Financial journalist Farah Khalique explains how small businesses can deal with volatile exchange rates.

By Farah Khalique

An exciting milestone for new and growing companies (NGCs) is to establish international operations, but it can be all too easy to forget one particular risk that can wipe out profits - currency risk. 
 
Every day, currencies rise and fall in value against one another with approximately $5.3 trillion traded every single day. But this year, FX markets have experienced unprecedented volatility as the US dollar rapidly strengthens in line with its improving economy, while the euro simultaneously weakens amid disappointing economic data and fears that Greece could go bankrupt.
 
A stronger dollar means that a UK company's translated income from its US business operations would leave it with fewer pounds in its pocket than even just a month ago. British exporters are also vulnerable to volatile exchange rates. The pound is appreciating daily against the embattled euro, which makes it more expensive for businesses in the eurozone to import from the UK.
 




The solution?

 
The answer lies in hedging. NGCs can manage currency risk using a straightforward contract known as a currency forward, which allows them to buy or sell a foreign currency at today's prices, meaning they lock in a fixed rate for months down the line.
 

SMEs typically buy hedging products through a traditional bank or a broker, says Pryor, but this bank-dominated market is ripe for disruption.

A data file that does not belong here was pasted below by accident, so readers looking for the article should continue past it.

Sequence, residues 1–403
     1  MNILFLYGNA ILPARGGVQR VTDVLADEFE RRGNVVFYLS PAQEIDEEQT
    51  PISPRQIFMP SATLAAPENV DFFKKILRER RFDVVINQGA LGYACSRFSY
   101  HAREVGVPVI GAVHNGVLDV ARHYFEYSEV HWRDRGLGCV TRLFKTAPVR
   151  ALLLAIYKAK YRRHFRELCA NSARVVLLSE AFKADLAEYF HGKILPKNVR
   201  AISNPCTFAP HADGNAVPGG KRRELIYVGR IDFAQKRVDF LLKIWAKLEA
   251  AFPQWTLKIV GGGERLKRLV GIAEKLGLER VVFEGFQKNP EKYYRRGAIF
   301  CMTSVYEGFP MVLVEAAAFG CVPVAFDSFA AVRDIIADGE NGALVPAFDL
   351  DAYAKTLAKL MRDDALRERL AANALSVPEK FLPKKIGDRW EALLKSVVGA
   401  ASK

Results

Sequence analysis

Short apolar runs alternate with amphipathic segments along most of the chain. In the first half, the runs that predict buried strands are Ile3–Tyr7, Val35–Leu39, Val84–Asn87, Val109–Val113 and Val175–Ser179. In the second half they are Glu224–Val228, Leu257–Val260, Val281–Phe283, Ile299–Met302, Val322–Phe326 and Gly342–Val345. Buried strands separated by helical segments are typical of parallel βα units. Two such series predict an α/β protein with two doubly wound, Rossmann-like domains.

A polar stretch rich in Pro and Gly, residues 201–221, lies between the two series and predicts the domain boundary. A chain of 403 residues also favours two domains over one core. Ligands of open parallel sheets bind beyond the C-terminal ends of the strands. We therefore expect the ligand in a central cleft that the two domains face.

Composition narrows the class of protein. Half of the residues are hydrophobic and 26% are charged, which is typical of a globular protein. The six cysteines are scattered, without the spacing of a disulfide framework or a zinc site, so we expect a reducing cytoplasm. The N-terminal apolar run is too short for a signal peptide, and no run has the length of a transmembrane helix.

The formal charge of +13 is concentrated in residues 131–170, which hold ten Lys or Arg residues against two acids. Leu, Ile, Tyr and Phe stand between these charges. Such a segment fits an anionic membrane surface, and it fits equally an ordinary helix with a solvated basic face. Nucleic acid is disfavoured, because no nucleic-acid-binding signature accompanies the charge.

Currency options are another hedging solution available to companies that can even turn a tidy profit if exchange rates move in their favour, but they are more risky and come with a costly premium.
 
Smart companies are increasingly turning to currency forwards and options in the wake of recent market volatility, says Jonathan Pryor, head of FX dealing at Investec Corporate and Institutional Treasury.
 
SMEs typically buy hedging products through a traditional bank or a broker, says Pryor, but this bank-dominated market is ripe for disruption.
 
"I do think we are on brink of that changing, apps and technology will open up the market pretty soon," says Pryor.

Kantox, a non-bank provider that offers currency forwards in 23 currencies, is just one of the companies heading that change.

Farah Khalique is a freelance business and financial journalist, with a keen interest in writing about non-bank financing solutions that can help SMEs grow their business. She has written extensively about banking scandals and has made TV appearances on Sky News and The Wall Street Journal Live to comment on topical issues including money laundering and bankers’ bonuses. Follow her on Twitter